Logs are named with a prefix (CONNECT, RECV, and ACTVUSRSTAT are examples) plus the date; some logging subsystems also include other items. The first log created on a day is named using a convention of YYYYMMDD-1.log where YYYYMMDD represents the year, month, and day. For example, the first active user statistics log created on March 2, 2014 is named ACTVUSRSTAT1.020140302-1.log. By default, Exchange creates a new log after it captures 10 MB of data in that log file. (You can adjust this with the LogMaxSize parameter.)

Each log type has a maximum size which defaults to 250 MB. A circular logging scheme keeps the logs in the directory under this size by removing the old­est logs to free up space for new logs. You can increase the amount of storage assigned to connectivity logs by setting the value like this:

Set-TransportService –Identity <Exchange Server>  –ConnectivityLogMaxDirectorySize 500MB

Assuming the directory storage threshold is not exceeded, logs are normally retained for 30 days. Because only the most recent logs are typically used to debug connectivity problems, you might decide to reduce this period. For example, here’s how you would set the reten­tion period for the connectivity logs on a server to 15 days:

Set-TransportService –Identity <Exchange Server> –IRMLogMaxAge 15.00:00:00

Protocol Logging

Combing through protocol logs can be tedious. It’s easy to miss fine details, and the process of correlating log entries across multiple servers is painful unless you can automate it, which might be easier than you think. Microsoft has a tool called LogParser (available from http://www.microsoft.com/en-us/download/details.aspx?id=24659) that gives you a query engine that works against several flavors of log file. You construct queries using an SQL-like syntax, and LogParser runs them against the log sets you specify.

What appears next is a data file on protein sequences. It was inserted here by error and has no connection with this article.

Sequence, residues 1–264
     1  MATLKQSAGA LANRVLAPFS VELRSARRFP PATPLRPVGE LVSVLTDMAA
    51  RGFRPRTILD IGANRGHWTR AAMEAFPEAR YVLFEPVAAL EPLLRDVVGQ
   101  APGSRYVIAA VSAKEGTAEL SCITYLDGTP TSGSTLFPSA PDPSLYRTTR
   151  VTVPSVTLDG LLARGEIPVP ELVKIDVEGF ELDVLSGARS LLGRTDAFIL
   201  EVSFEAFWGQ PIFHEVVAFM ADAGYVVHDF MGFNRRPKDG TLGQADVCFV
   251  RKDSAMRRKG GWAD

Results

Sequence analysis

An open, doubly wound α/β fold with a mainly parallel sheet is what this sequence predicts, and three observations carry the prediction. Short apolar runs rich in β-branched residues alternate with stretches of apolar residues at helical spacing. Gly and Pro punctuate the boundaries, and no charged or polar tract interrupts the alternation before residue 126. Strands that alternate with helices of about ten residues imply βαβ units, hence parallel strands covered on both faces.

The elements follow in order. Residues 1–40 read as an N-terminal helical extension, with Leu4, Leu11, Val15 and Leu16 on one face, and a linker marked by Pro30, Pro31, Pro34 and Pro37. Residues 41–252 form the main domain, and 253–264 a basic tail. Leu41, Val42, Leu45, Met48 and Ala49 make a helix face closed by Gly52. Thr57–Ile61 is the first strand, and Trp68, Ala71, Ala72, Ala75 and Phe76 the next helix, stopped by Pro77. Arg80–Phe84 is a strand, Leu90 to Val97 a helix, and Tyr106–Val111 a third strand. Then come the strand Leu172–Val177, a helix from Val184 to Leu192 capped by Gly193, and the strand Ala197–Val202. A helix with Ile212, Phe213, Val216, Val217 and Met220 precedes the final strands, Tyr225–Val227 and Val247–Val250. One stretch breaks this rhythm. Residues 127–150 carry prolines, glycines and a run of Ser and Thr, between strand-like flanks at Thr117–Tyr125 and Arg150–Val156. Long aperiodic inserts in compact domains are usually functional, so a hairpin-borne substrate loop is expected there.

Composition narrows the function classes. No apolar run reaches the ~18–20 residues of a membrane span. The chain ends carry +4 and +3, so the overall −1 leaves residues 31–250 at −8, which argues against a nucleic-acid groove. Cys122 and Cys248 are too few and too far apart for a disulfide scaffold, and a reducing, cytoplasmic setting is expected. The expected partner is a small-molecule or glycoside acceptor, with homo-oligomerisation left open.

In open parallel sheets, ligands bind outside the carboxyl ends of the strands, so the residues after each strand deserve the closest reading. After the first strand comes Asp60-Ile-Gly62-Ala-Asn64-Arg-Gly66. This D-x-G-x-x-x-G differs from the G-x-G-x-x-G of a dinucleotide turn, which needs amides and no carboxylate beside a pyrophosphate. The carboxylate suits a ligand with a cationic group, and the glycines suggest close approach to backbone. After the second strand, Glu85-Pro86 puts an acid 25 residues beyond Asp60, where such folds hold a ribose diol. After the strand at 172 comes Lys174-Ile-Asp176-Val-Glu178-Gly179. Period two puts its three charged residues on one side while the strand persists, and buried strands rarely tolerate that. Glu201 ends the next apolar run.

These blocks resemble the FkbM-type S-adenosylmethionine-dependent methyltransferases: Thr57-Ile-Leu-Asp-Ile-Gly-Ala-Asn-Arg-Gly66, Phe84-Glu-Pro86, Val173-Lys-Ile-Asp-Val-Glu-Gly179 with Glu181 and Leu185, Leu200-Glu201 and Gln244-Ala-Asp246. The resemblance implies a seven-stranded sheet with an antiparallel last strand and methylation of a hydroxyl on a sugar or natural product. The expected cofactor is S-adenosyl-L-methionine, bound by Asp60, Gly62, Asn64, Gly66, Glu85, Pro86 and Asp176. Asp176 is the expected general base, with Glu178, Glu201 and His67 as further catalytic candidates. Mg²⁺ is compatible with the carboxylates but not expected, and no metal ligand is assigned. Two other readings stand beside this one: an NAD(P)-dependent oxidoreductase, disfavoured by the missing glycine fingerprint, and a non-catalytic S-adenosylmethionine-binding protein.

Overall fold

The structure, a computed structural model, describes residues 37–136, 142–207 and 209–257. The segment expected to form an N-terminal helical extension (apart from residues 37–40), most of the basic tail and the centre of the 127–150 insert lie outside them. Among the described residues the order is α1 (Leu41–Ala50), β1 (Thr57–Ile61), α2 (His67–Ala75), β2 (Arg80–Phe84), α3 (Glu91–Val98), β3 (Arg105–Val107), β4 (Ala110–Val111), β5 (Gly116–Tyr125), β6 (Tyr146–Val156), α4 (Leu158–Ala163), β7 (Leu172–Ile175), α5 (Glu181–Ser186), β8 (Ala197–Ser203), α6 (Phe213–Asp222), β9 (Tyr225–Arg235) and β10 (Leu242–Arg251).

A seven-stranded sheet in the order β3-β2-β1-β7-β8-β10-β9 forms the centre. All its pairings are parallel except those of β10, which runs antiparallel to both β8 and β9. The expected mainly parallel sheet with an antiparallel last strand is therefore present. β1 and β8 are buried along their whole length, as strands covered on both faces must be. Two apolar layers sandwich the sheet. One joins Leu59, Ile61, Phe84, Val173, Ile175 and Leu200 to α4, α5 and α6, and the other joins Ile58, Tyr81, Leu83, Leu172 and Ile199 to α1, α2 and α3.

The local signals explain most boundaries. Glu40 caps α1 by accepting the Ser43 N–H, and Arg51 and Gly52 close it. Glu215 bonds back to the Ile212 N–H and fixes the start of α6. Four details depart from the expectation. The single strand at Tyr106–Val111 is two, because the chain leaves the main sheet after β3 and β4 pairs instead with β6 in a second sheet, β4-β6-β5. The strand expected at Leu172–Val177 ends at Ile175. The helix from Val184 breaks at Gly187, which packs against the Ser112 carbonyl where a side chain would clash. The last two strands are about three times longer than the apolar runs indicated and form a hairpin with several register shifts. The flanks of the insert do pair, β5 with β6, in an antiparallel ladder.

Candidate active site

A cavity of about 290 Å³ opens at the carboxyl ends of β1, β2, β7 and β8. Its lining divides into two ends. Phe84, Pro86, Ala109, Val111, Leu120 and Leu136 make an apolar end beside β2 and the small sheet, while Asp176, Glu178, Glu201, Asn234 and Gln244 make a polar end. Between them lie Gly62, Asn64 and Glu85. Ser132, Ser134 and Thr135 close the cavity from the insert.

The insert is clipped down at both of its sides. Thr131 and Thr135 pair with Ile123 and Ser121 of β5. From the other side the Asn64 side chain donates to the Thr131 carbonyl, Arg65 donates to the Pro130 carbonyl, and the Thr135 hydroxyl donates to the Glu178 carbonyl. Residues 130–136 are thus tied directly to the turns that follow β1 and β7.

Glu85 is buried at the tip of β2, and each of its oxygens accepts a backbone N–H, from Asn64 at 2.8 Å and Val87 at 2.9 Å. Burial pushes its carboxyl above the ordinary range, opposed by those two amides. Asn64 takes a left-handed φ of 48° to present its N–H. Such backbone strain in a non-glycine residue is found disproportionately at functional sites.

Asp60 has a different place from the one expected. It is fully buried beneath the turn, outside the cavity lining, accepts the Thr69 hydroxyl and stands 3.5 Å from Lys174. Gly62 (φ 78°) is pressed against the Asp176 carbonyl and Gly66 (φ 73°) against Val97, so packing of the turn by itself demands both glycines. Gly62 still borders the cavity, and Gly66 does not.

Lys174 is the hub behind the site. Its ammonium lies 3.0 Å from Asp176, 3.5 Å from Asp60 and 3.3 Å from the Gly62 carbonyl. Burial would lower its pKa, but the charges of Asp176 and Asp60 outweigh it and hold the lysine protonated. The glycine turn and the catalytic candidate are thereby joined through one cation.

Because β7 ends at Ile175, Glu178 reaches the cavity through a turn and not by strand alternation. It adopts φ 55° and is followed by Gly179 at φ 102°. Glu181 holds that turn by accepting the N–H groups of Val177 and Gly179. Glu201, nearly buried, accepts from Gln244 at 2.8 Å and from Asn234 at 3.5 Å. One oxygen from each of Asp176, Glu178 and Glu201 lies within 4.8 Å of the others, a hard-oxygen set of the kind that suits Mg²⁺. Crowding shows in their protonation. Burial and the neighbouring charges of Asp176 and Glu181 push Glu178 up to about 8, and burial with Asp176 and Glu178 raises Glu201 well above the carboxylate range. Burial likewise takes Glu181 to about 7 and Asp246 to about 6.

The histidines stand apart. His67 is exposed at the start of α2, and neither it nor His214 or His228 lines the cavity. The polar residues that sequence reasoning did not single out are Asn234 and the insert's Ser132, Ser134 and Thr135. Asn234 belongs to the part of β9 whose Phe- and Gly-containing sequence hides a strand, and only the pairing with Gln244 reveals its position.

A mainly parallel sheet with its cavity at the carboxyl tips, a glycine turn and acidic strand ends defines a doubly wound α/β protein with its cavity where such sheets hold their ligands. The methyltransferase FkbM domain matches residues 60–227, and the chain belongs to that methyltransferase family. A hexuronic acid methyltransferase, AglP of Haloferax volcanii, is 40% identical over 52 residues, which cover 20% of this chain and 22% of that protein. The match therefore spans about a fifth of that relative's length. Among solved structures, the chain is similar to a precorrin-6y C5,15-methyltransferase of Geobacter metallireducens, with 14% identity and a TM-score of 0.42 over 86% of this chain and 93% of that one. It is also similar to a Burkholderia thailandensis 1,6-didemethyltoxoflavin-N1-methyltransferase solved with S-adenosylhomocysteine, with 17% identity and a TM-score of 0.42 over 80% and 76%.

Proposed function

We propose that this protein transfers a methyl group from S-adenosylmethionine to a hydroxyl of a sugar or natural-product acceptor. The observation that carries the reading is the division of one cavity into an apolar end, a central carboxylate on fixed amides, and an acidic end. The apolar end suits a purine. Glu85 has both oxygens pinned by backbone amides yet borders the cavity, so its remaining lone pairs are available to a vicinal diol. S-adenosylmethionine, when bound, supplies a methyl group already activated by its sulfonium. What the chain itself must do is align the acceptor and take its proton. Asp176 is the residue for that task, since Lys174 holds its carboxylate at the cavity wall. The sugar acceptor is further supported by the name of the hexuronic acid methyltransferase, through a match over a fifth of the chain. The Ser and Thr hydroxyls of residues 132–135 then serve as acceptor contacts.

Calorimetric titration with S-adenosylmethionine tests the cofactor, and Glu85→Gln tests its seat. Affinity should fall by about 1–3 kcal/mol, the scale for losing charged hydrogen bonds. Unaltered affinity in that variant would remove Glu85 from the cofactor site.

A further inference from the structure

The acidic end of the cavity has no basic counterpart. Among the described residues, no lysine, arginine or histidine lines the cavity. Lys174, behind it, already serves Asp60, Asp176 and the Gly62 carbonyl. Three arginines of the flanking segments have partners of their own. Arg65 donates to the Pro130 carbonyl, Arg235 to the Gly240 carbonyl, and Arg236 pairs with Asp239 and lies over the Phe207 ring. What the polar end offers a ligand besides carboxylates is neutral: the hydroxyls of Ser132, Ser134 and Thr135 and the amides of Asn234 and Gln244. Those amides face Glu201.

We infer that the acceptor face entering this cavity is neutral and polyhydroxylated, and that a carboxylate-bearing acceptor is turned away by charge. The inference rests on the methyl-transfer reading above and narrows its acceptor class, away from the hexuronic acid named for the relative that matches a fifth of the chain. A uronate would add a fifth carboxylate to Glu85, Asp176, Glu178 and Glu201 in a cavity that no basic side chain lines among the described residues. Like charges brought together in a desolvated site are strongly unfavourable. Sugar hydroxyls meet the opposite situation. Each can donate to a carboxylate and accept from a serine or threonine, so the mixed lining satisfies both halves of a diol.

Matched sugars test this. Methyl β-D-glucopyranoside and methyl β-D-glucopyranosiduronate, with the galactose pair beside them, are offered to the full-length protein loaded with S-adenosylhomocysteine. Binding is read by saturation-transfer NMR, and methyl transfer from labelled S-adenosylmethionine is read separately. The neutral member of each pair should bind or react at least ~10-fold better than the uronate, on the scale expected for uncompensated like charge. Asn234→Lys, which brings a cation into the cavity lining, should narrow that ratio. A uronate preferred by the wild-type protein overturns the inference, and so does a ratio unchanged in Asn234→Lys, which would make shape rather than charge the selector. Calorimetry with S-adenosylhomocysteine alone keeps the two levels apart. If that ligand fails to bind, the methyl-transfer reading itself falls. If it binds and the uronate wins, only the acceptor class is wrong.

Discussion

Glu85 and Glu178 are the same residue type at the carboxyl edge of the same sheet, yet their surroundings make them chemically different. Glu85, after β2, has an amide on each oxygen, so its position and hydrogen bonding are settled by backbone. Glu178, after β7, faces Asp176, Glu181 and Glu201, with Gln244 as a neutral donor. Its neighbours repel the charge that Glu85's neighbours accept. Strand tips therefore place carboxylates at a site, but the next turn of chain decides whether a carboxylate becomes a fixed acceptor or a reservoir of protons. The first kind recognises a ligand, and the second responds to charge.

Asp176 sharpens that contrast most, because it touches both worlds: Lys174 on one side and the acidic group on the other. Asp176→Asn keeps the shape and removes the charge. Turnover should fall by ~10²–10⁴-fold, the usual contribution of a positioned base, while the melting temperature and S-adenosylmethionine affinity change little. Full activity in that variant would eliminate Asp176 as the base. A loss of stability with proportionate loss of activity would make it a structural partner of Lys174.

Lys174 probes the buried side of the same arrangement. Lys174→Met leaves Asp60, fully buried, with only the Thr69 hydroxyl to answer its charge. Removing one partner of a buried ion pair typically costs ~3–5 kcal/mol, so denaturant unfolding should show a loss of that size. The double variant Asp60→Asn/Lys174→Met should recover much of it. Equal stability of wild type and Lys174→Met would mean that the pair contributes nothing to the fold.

If you’re familiar with SQL, then LogParser will be easy to understand. If you’re not, there are many examples of various queries and reports of use for Exchange on the Internet, and a few web searches will quickly find samples that you can adapt to get the data you want.

That’s it for this installment of Troubleshooting Exchange 2013.  Utilizing these logs in conjunction with the logs from the Quest Migration Tool should help you to quickly pinpoint and resolve any issues you may encounter during your migration.

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SharePlex – Repairing a Table with Copy

Jan. 2nd 2014

This procedure is generally used only for very large tables when standard compare and repair can not be executed due to time or system resource constraints.  The instructions below will allow you to execute this procedure with the least amount of impact to the database, by minimizing the lock time required on the table.

  • Open 3 windows on the source system to expedite the process. This will enable you to minimize the amount of time the full table lock is held. With proper execution, the table lock can be less than 10 seconds.
  • In one window, create an export parameter file to export the table you want to synchronize. When complete, enter the export command but don’t hit the return key. The basic export command or data pump can be used.
    • noup / expdp parfile=exp.par &
  • In your second window, enter sqlplus from the command line. Enter the lock table command but do not hit return.
    • sqlplus / as sysdba
    • SQL>  lock table <table name> in exclusive mode;
  • In your third window, enter sp_ctrl and type in the flush command but do not hit return.
    • sp_ctrl
    • > flush <datasource>
  • You are now ready to start the procedure. All steps should be done as quickly as possible to reduce the lock time.
  1. Execute the lock table command in window two. If this times out, retry until successful.
  2. Execute flush command in window three.
  3. Start export command in window one.
  4. Return to window two and execute a commit.
  5. When export is completed, transfer dump file to target server, truncate the table, and import it.
  6. Start the post process.